But first, some introductory info (it goes without saying that if you are really really hungry you can skip to the next step).
The Italian word for soup is minestra. The suffix -one is common in Italian to obtain the augmentative version of many nouns as it is the case here: hence, minestrone literally means nothing more than "big/rich soup". Therefore, when in English we say Minestrone soup we are actually saying something like "big soup soup". Minestra has also its diminutive form with the suffix -ina: minestrina. It is interesting to note that while Minestrina and Minestra are feminine nouns, Minestrone is masculine. Why is that, I have no clue. Finally, soup also translates into the Italian word zuppa, where the common Germanic origin is evident. The difference between the two is that while you can find pasta or rice in a Minestra dish, that is never the case for zuppa where sometimes bread can be added.
Now, how can you tell if what you are slurping off the spoon is minestrina, minestra or minestrone? Here is a mini guide:
Minestrina - translates to broth in English and broth is what you get: generally vegetable or chicken bouillon (stock) from a cube with some kind of small/tiny pasta in it. Optional, a sprinkle of Parmigiano/Grana Padano chesse on top. Most often served to babies or ill people, if you are older than 6 and enjoy good health I doubt you will ever try minestrina (and - between you and me - you won't be missing out much, as this is not exactly a gourmet dish)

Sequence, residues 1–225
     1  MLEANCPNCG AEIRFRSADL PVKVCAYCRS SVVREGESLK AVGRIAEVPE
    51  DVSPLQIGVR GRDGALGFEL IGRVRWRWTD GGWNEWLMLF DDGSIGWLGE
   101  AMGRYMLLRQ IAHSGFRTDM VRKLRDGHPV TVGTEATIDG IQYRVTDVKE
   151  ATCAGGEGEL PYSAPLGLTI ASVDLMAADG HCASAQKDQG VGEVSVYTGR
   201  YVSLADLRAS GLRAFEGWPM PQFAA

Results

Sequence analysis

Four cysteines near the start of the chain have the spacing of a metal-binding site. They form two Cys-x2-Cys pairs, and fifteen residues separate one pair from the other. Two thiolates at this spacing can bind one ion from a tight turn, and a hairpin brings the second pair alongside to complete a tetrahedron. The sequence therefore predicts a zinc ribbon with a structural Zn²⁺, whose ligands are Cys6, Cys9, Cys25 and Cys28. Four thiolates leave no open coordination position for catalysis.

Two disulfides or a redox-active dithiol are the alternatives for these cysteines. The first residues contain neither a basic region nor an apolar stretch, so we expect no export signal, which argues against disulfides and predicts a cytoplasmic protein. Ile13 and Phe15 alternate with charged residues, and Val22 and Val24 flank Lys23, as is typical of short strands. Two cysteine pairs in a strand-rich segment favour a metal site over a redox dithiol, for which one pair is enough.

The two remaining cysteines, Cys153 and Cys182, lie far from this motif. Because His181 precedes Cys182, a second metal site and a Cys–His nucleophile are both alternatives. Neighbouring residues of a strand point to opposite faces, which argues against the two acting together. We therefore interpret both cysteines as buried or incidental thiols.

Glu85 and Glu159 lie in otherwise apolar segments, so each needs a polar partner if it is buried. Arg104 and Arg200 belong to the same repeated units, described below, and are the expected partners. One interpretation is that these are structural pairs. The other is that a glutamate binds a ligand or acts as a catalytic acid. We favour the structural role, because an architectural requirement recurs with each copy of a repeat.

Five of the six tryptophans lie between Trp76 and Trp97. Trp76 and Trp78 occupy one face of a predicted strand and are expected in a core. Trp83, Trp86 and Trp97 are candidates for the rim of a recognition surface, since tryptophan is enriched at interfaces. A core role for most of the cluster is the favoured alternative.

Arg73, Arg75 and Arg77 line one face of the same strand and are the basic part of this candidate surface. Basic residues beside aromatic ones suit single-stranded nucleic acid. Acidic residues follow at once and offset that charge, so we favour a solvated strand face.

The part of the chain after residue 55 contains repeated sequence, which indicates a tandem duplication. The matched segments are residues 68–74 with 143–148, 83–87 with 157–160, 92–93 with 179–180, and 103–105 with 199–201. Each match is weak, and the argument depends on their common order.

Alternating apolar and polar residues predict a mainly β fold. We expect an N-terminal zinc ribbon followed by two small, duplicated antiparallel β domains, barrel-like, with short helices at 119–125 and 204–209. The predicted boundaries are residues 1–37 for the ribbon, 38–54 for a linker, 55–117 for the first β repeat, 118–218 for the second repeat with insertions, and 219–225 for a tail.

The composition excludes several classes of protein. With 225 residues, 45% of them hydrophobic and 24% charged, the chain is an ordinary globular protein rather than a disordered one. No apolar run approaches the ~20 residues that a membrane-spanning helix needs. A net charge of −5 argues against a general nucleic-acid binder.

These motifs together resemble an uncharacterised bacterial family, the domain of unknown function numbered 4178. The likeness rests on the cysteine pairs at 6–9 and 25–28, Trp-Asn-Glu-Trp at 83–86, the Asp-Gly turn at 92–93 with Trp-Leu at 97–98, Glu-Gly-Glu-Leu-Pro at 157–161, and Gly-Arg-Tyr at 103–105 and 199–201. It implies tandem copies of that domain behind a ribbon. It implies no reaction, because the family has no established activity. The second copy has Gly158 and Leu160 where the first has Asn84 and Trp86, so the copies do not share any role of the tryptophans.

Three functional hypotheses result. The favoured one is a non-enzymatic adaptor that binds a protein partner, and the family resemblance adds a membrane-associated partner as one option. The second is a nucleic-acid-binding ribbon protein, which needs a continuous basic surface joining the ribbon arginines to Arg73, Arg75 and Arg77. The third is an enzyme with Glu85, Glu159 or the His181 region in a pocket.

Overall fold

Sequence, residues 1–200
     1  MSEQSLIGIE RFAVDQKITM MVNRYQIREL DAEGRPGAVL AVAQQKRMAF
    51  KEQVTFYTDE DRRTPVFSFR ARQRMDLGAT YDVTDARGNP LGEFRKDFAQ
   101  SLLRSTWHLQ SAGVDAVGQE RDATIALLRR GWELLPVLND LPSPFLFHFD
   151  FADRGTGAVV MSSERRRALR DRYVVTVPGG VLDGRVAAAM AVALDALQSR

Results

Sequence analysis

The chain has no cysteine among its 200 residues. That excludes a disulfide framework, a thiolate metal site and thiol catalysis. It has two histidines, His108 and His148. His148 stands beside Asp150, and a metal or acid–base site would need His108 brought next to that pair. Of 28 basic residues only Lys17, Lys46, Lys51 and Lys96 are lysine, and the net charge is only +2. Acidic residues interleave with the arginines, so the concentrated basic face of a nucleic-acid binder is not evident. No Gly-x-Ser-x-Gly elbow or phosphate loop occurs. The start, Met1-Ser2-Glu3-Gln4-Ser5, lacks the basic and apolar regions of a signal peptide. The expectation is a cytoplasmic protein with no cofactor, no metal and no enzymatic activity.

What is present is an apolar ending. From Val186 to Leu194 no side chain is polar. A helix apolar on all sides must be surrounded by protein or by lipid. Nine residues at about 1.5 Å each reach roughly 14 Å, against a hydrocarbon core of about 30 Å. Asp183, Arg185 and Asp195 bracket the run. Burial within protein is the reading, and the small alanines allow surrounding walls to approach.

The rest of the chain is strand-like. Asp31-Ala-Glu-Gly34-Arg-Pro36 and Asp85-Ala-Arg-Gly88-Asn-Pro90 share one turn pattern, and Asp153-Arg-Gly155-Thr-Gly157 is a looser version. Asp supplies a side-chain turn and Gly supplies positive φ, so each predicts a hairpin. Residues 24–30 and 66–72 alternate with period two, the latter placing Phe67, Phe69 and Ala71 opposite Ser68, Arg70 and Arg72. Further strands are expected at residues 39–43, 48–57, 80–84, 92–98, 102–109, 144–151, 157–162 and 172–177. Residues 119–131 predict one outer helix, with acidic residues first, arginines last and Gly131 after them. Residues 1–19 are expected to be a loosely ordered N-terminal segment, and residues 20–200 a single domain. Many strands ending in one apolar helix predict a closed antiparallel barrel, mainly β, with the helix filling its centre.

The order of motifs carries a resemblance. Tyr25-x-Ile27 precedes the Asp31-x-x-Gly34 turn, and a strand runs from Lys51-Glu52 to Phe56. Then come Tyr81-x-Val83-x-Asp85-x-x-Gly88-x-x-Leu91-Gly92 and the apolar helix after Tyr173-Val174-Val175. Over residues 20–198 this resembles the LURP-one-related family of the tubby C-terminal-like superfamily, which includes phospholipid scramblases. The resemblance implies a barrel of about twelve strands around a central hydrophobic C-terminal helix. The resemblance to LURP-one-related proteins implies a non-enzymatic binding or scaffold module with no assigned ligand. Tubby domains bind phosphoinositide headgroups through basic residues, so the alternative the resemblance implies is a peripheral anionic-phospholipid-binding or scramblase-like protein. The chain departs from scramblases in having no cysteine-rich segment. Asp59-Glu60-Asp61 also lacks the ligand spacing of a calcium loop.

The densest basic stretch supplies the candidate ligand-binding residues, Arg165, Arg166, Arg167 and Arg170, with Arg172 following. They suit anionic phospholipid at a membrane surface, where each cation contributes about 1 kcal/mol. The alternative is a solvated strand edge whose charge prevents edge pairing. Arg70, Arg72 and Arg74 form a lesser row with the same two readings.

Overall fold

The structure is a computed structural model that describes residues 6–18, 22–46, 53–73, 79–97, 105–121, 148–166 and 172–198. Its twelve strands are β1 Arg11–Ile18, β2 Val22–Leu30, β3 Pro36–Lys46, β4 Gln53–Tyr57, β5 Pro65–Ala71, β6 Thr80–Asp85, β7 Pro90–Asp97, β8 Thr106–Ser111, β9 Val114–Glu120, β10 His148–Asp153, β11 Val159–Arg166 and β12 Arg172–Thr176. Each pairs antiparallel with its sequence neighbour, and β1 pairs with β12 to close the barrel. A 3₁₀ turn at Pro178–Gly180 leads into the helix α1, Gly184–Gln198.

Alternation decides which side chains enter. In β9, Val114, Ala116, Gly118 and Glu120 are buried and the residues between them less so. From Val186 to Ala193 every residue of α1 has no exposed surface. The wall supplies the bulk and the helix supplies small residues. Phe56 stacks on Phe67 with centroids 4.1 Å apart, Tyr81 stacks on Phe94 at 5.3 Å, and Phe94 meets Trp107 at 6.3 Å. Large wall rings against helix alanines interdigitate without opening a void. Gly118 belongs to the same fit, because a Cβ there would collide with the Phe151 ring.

Minestra - typically uses several ingredients, a couple of which determines the dominant flavours and sometimes the name of the dish as well. Unlike minestrone, fish and meat are often used and there are prominent regional specialities.
Minestrone - usually prepared from freshly available vegetables, the ingredients to make minestrone vary depending on season and geographical location, although an essential core can be identified in onions, celery, carrots, potatoes and beans. The absence of fish or meat certifies its poor origin and the addition of pasta is not uncommon (broken spaghetti being one popular option).
If you are still unsure you can spot or cook some Italian Minestrone, then read on...
DISCLAIMER: This instructable contains explicit pictures of raw and cooked vegetables. Please be considered towards your kids when browsing these pages or attempting to prepare minestrone: 9 out of 10 are not going to like it. The author takes no responsibility for the hard time this dish might give when served to children.